Independence Means Independence From Mutual Hatred

The only form of independence for Israel is when we lay down our arms against each other. Then we can truly celebrate.

Every Independence Day, I remember that special Shabbat knife that my teacher’s father, Rav Yehuda Ashlag (Baal HaSulam), author of the Sulam (Ladder) commentary on The Book of Zohar, kept in his cabinet. The knife had a special inscription on its handle that read, Medinat Ysrael (The State of Israel), and Baal HaSulam used it only to slice the challah as he blessed Hamotzi on the eve of Shabbat. He cherished Israel not because of what it is, but because of what he prayed for it to become.

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69 years ago, Israel started as a poor, tiny country, and highly dependent on its allies. Today’s Israel, however, has a strong army, a robust economy, advanced technology, and modern medicine. Yet, for all its progress, one question remains, “Has Israel become independent?”

Far from Independent

According to Merriam Webster’s Dictionary, being independent means that we are “not subject to control by others,” and are not “requiring or relying on something else.” By this definition, we are far from independent. As recent decisions in the UN General Assembly indicated, we are dependent on the positive view of the world in every aspect of our lives: economic, diplomatic, academic, cultural, and even in defense of our borders.

Israel is not the only country that is dependent on others for its survival. In truth, no country on the planet can claim independence. In an era of globalization, self-sufficiency is a fabrication of politicians and power-hungry rulers who flaunt the word before the crowd during mass festivities. They call out, “We will maintain our independence and our sovereignty today, tomorrow, and hereafter,” when in truth, no country can survive alone, especially not Israel whose very right to exist is questioned daily.

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The UN Security Council Resolution 2334 states that Israel’s settlement activity constitutes a “flagrant violation” of international law and has “no legal validity.” The resolution, which opens the door to economic, academic, and other forms of sanctions against Israel, indicates that Israel is not as independent as it sometimes claims it is. Were it not for the election of Donald Trump as President, Israel would be in a far worse international position than it is today. For the moment, Israel has been given a hiatus from international pressure, but unless it moves in the right direction, the pressure will return with vigor.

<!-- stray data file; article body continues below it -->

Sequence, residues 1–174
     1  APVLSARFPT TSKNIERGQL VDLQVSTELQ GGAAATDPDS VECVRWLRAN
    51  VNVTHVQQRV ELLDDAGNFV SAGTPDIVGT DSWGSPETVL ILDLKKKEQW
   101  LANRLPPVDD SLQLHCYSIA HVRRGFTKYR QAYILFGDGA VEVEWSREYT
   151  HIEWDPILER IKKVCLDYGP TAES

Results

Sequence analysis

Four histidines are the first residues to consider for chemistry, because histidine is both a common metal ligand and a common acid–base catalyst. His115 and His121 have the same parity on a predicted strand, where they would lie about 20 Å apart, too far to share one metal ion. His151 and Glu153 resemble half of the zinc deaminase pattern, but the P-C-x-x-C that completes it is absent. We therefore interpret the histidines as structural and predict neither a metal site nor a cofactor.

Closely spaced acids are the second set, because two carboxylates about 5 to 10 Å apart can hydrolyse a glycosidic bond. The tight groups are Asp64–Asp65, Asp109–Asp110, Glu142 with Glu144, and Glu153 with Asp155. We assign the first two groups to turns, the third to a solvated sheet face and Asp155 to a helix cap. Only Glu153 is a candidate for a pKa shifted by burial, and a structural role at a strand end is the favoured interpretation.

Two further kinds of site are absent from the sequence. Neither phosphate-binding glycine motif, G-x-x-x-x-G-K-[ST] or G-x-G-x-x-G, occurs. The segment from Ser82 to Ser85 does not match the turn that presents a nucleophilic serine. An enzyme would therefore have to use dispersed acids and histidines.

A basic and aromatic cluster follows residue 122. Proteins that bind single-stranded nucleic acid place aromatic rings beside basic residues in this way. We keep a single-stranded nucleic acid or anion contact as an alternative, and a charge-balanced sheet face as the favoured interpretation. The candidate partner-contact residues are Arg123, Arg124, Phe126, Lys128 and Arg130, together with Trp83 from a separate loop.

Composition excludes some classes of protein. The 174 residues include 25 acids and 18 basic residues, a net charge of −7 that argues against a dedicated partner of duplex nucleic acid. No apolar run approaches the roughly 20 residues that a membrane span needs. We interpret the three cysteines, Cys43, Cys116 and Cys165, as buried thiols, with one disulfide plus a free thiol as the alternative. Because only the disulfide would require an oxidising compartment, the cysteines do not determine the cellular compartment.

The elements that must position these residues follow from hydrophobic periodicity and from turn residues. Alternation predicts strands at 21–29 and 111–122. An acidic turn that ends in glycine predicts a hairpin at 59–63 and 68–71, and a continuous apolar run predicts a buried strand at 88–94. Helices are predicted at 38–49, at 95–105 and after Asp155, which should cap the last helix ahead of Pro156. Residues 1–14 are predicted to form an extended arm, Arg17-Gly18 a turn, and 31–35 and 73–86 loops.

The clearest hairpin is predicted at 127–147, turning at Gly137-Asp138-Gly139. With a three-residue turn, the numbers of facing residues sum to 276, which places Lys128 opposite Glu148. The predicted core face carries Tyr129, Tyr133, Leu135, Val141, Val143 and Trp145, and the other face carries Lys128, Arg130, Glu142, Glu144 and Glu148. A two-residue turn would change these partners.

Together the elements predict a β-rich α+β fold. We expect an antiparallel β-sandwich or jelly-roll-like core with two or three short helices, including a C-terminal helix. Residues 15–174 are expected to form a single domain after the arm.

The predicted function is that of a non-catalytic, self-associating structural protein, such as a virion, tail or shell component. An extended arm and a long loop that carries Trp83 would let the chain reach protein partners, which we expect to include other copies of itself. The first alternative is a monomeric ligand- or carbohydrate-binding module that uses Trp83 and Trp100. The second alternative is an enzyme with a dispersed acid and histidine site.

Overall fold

Unity as a Condition to Sovereignty

When I speak of moving in the right direction, I am referring to pursuing the role for which we have been given sovereignty. If we connect ourselves to our vocation, we will truly become the world’s favorite nation. Connecting ourselves to our vocation means living as is required of the Israeli nation.

Despite the constant threats against Israel, it is the only country in the world whose future is in its own hands. We were established as a nation on the basis of mutual responsibility and love of others. We were declared a nation only after we committed to unite “as one man with one heart.” Unity was our motto, and as long as we were able to maintain even a trace of it, we were able to maintain sovereignty over the land. Once we lost our union, we were exiled from the land.

Throughout the ages, our sages were keenly aware of the importance of unity. The Midrash (Tanhuma, Nitzavim) writes about Israel: “When it is dark for you, the everlasting light is destined to shine for you, as it was said (Isaiah 60), ‘And it shall be to you an everlasting light.’ When? When you are all one bundle, as it was said (Deuteronomy 4), ‘You are alive every one of you this day.’ Clearly, if a person takes a bundle of reeds, can he break them at once? But if taken one at a time, even an infant can break them. Thus, you find that Israel are not redeemed until they are all one bundle.”